The reason Apple doesn’t care about headphone jacks or card readers is because hundreds of millions of customers have no issue using phones that lack those features. In fact, many of those customers actually prefer using wireless headphones.

      Yes, I know that some people want their headphone jacks back, but you can’t please everyone. Never forget that old joke about a camel being a horse that was designed by committee.

      1. “the best solution is a marketplace that allows competition. ”

        Which would mean letting other companies make iOS phones. You can’t assume that competition will happen just because it is “allowed”. Manufacturers collude and price fix, and government is the only defense the consumer has against that. This is why the “liberal media” condemns government any time they get the chance. Where does their money come from?

  3. This EU “fear for the battery” argument is nonsense. Apple’s efforts to extend useful battery life from a few hundred cycles to 1000+ cycles has made long-life, sealed laptops, tablets, and phones possible and practical. That has reduced ewaste.

    I remember when you could remove and replace batteries in laptops and cell phones. You had to because they ran out of oomph after 18-24 months and would only work for more than 10 or 15 minutes if you left them plugged in. The batteries were proprietary and expensive, so you often bought new devices rather than buying a new battery, resulting in more ewaste, not less.

    Apple does a great job on recycling iPhones. If the EU (and the U.S.) want to do something useful, they should mandate similar programs for all vendors. Recycling Is one of the best steps that we can take to reduce our impact on the environment, along with efficiency and re-use.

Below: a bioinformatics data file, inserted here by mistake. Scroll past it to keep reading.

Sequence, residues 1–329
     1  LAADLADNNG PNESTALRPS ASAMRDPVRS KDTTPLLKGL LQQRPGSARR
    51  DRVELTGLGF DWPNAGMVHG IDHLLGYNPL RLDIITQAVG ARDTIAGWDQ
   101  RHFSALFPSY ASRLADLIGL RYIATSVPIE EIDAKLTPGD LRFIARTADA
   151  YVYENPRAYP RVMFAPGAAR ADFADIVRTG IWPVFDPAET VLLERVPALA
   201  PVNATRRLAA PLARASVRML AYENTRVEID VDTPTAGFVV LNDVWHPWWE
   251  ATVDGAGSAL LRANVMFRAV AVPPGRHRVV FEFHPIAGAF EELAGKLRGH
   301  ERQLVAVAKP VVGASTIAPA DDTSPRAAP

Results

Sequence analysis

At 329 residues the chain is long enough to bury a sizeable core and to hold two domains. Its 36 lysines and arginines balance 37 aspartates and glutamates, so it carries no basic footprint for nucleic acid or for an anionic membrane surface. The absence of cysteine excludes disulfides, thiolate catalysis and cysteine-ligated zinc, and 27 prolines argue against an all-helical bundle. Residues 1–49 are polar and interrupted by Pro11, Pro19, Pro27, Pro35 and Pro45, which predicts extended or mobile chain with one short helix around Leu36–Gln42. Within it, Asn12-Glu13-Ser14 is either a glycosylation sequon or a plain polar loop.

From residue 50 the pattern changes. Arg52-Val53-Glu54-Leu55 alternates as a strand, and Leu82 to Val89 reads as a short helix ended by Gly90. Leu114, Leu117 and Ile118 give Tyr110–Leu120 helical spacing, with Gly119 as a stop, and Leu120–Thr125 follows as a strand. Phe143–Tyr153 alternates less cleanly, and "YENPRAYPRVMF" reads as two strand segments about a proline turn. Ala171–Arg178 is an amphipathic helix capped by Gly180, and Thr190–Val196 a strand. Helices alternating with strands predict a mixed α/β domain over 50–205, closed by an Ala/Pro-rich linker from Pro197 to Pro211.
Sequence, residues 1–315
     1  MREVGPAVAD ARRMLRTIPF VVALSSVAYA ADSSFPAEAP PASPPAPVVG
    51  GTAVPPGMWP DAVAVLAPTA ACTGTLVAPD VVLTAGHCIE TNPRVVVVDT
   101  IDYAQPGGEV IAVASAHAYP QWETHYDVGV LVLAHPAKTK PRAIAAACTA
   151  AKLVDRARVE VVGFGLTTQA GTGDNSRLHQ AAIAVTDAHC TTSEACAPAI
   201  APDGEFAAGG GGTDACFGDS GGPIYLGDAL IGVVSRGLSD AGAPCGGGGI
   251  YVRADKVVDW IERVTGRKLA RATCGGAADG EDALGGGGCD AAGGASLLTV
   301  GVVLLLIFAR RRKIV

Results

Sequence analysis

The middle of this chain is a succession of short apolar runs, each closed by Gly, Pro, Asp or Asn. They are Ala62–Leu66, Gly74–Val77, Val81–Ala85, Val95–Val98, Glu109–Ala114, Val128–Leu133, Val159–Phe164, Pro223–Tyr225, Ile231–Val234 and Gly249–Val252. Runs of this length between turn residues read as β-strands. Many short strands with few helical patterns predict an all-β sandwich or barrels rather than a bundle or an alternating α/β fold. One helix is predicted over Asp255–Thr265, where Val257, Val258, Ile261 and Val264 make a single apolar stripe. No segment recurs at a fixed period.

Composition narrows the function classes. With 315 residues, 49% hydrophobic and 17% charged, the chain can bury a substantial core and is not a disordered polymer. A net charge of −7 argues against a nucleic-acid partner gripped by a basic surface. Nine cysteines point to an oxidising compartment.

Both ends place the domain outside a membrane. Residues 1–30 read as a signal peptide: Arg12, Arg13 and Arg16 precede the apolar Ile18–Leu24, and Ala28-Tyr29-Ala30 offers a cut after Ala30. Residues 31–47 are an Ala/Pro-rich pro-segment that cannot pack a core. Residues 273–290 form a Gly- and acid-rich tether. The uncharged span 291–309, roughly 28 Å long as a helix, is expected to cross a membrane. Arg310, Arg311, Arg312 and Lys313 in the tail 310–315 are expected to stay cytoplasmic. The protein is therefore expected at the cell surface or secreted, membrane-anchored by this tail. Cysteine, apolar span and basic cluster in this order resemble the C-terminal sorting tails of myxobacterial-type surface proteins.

1. “Apple’s efforts to extend useful battery life ”

      But at the same time, they cripple your devices with software updates that slow devices to a crawl. There is no excuse for my iPhone 4s to take ten seconds to get a podcast playing. It’s battery is okay, and I SHOULD be able to use it as a media player, but Apple broke that for me.

  4. Personally, I’d prefer an iphone with a removable battery. And a home button and without that effin notch in the screen!

    (Same with the Mac book pro. I want a new 16″ one but HATE that Apple doesn’t let you upgrade the ram (and effin rips you off for a ram upgrade) or HD and seals in the battery. Makes me want to get a Mac Pro…)
    Funny that a company run by liberals (people who ‘care’ about the little people) seem to be out to financially profit at our expense. Gotta love liberals walking the walk, especially when they are telling us to cut back to save the world from ending due to climate change as they continue to whiz about in private jets.

    1. “Funny that a company run by liberals (people who ‘care’ about the little people) seem to be out to financially profit at our expense.”

      Correct. That’s how companies work.

    2. Supposedly, Apple builds products that suit the majority of users, so you probably don’t fall into that category which is unfortunate. Fortunately, you do have other choices with possibly some smartphone models, but as far as flagship smartphones are concerned, there aren’t any with user-replaceable batteries. I’m guessing most consumers don’t have a problem with that. I certainly don’t.

      However, I’m with you on MacBook Pros having no user-upgradeable RAM or storage. I wouldn’t think a couple of RAM slots or an M.2 NVMe slot on the motherboard would be too difficult for Apple to manage. Whatever… I can afford a higher-spec’d MacBook Pro from the get-go but my needs computing needs aren’t that high. I’m guessing most MacBook Pro users aren’t going to upgrade them anyway. As a tech-head, upgrading is a nice option, but as a low-end user, I’m not going to lose sleep over not being able to upgrade. I’ve gotten used to Apple not offering those options.

Reader Feedback

This site uses Akismet to reduce spam. Learn how your comment data is processed.